3 Arrested in First S.D. Seizure of Synthetic Heroin Lab : Narcotics: The drug, fentanyl, is described as 60 times more potent than morphine and with a possible street value of $100 million per pure pound.

TIMES STAFF WRITER

Federal agents made the first seizure of a synthetic heroin lab in San Diego County on Tuesday, when they raided a Fallbrook bungalow and arrested three men in connection with manufacturing the drug, the U.S. attorney's office announced Thursday.

Ricardo Valdez, 38, Hector Valdez, 37, and Robert Giebink, 32, were arrested Tuesday and charged with the possession and manufacture of fentanyl, a synthetic form of heroin, U.S. Atty. William Braniff said Thursday.

The three, who pleaded not guilty at arraignments Thursday, could be sentenced to life in prison if convicted, Braniff said.

Fentanyl, which is legally used for its analgesic properties, is 60 times as potent as morphine, said a spokesman for the Bureau of Narcotics Enforcement. A pure pound of the drug could be worth as much as $100 million on the street, said Bobby Sheppard, a spokesman for the Drug Enforcement Administration.

The drug is relatively obscure and takes a chemist to manufacture because of its sophisticated formula, he said.

Fentanyl can be inhaled or smoked rather than injected and might be more appealing to addicts who see needles as a health risk, said Assistant U.S. Atty. Laura J. Birkmeyer. She stressed, however, that such statistics are difficult to chart because of the varieties of heroin available.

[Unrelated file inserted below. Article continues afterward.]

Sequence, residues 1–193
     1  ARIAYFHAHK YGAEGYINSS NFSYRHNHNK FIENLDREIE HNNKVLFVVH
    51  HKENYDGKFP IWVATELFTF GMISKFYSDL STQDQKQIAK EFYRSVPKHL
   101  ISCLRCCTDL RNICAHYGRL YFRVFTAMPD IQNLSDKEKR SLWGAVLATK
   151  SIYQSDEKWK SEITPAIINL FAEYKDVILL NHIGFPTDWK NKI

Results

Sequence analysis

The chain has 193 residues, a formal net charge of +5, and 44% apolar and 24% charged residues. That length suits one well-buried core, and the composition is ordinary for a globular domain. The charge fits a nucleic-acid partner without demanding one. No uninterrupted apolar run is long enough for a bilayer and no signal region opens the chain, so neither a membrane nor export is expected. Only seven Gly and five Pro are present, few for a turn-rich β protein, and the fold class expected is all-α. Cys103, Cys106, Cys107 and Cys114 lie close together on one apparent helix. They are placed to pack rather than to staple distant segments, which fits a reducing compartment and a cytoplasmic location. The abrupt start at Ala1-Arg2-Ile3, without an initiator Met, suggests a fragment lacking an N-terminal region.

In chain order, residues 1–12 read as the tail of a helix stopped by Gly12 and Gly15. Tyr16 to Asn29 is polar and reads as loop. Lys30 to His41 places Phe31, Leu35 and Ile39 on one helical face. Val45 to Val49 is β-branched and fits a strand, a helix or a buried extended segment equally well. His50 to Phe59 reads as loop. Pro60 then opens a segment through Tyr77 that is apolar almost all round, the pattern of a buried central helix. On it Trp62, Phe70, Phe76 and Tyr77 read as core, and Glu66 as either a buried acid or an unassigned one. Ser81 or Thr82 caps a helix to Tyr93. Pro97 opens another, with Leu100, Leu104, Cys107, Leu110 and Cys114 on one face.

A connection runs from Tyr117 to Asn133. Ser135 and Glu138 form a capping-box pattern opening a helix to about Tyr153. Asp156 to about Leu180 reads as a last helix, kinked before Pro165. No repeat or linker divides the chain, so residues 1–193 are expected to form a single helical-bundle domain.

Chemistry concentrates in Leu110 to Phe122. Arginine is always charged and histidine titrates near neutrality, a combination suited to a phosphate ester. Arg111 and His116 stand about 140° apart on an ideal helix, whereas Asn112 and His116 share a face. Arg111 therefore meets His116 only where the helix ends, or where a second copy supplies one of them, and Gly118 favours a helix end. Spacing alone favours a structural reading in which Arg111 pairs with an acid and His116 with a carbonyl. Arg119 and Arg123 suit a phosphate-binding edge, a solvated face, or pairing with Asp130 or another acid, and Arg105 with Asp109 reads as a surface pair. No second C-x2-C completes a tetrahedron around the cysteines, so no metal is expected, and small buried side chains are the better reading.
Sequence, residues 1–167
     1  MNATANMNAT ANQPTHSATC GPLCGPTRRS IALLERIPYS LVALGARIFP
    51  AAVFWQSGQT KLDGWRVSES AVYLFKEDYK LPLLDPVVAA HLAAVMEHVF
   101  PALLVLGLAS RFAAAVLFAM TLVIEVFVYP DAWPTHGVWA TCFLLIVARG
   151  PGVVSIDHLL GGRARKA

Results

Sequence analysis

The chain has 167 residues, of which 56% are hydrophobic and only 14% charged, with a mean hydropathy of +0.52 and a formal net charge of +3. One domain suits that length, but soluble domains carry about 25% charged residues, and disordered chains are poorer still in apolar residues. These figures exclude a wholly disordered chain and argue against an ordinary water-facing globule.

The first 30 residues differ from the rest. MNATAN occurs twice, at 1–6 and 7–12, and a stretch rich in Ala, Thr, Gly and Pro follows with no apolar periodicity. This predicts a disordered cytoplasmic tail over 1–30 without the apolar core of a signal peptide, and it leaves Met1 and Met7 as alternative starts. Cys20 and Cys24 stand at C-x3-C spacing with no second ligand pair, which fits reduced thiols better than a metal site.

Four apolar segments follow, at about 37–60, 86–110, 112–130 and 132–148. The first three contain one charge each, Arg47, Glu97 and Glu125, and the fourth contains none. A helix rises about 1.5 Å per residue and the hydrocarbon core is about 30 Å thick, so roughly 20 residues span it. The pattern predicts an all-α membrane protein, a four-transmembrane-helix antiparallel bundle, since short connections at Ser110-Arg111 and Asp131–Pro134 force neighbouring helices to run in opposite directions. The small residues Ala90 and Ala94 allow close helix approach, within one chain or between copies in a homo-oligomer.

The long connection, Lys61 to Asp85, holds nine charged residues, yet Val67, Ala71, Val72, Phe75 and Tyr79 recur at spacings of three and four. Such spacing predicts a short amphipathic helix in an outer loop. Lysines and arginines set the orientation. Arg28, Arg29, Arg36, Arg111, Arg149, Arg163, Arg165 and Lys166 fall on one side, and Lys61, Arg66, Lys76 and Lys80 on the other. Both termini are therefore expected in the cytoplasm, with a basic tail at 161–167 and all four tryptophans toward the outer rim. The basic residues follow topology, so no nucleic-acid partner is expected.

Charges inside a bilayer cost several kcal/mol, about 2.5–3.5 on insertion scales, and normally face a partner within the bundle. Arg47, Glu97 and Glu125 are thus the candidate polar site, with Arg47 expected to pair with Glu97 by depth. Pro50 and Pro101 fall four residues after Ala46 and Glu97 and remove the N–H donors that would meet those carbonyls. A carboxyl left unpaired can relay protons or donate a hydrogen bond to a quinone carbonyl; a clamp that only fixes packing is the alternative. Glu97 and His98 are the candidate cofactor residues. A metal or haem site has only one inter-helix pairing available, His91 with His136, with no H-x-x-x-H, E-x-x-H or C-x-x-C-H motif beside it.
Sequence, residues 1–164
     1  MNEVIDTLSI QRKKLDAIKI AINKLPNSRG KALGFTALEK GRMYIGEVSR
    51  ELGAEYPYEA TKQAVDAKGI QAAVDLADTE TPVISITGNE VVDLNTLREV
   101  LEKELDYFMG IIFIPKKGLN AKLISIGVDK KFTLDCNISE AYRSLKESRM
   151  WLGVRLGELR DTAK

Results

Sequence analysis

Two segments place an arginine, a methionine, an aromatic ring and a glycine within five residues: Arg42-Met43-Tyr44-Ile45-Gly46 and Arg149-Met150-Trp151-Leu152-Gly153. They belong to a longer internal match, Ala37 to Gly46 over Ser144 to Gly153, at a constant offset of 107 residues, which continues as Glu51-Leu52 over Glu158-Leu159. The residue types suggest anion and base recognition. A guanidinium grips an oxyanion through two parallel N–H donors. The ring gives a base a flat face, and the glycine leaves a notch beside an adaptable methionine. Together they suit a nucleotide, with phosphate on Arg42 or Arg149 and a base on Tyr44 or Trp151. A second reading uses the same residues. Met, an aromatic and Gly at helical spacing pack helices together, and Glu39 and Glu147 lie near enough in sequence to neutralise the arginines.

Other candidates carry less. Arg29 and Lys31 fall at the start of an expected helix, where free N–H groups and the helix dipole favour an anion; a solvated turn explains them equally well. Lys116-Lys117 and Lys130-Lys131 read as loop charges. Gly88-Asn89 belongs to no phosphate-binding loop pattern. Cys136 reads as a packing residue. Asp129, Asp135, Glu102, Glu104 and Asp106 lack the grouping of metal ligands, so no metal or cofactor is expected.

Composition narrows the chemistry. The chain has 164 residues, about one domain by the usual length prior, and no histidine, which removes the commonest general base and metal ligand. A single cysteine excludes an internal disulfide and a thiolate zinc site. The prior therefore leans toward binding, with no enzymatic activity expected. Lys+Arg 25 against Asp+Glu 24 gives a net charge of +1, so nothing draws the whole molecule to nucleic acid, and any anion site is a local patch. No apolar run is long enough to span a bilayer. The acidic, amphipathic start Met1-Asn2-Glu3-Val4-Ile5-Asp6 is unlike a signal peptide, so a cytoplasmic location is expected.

The Fallbrook location is the ninth fentanyl lab to be discovered by authorities in the United States since 1973, said Braniff. Federal agents from the Organized Crime Drug Enforcement Task force arrested Giebink at the mountainside bungalow where they found the lab equipment and chemicals used to produce the drug, said Braniff.

Ricardo and Hector Valdez, who are brothers, were arrested at other San Diego locations, he said.

The arrests came after Ricardo Valdez handed a pound of the drug to an undercover agent Tuesday, Braniff said.

The three had been under investigation since October, when Ricardo Valdez allegedly offered to manufacture the drug for an undercover officer from the agency, Braniff said.

The federal drug enforcement task force is made up of officers from several government agencies, including the Drug Enforcement Administration, the Internal Revenue Service and the San Diego Police Department.

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